by Lyle Daly | July 11, 2019
For the credit-conscious consumer, it's annoying when your credit score just won't seem to budge. You check it every month, and it's the same as it was the last time you looked.
If you're wondering why your credit score hasn't been increasing lately, here are the most likely causes.
Of all the factors that determine how your credit score is calculated, the one that has the largest impact on a month-to-month basis is your credit utilization, which is the portion of your total available credit that you're using.
As a general rule, you should aim to stay under 20% to 30% credit utilization at all times. So if you have $10,000 in total credit available across all your cards, you'd never want to have more than $2,000 to $3,000 in balances.
If your balances are higher than that range, then it's likely holding your credit score back.
Here's the good news -- late payments only count against your credit score when they're 30 days or more past due. If you miss a payment by a week, you may have to pay a late fee, but it won't impact your credit score.
The bad news it that missing a payment by 30 days or more can be a big hit to your credit score. It can also take over a year for your score to recover from this, so even if it has been a while since you missed a payment, that would explain why you're still having trouble increasing your score.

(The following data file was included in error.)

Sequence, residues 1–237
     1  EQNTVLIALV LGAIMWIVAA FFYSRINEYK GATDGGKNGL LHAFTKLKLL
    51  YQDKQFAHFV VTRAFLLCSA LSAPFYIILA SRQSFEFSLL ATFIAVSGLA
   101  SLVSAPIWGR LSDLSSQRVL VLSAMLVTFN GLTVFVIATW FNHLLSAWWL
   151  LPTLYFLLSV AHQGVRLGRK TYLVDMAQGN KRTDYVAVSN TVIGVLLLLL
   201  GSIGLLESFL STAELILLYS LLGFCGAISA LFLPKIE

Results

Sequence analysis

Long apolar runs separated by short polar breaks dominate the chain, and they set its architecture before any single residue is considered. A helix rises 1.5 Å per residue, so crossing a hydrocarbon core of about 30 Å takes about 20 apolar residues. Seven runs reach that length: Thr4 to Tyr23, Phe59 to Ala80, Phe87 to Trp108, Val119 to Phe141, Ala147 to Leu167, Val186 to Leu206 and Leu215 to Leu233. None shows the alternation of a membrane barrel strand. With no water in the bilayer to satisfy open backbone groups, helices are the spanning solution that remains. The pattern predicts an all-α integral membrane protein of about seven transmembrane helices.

When you apply for new credit, the bank/lender pulls your credit file, resulting in what's known as a hard credit check. One hard credit check isn't a big deal, as it will generally decrease your FICO® Score (the most widely used type of credit score) by fewer than five points.
You could have a problem, though, if you're applying for new credit frequently. Those hard credit checks can add up. Even if they don't decrease your score, they could keep your score from increasing and have you treading water.
Credit bureaus use the average age of your credit accounts as a scoring criteria, and older accounts are better for your score.
If you have one or more accounts that you've opened within the past year, then those accounts may need to get a bit older for your credit score to go up. This issue is particularly common with consumers who open lots of different credit cards.
Certain events, such as declaring bankruptcy, defaulting on a loan, or having an account go to collections, can have a significant impact on your credit score. Not only will they cause your score to drop quite a bit, but they'll also continue to affect your credit for years to come.
If there are any negative items like this on your credit report, then it could take six months, a year, or more before your score starts to increase again. Of course, you should review your credit report at least once per year to verify that there aren't any false negative items causing problems for you.
The higher your credit score gets, the harder it is to keep increasing it. When your score is in the 500s or 600s, you can increase it just by not doing anything wrong. Pay your bills on time, don't use too much of your available credit, and your score will steadily rise.
Once your score is in the 700s, increasing it can be more challenging. You can continue to improve your score, but progress will be slower.
While you can work hard on optimizing your credit score here and getting it as high as possible, you should first think about whether that's worth your time. The truth is that after you reach a FICO® Score of 760 to 780, your credit score is high enough.
With all the different factors that affect your credit, it's normal for your credit score to have the occasional growing pains. After you've pinpointed what the problem is, you can correct it and have your score on the way up once again.
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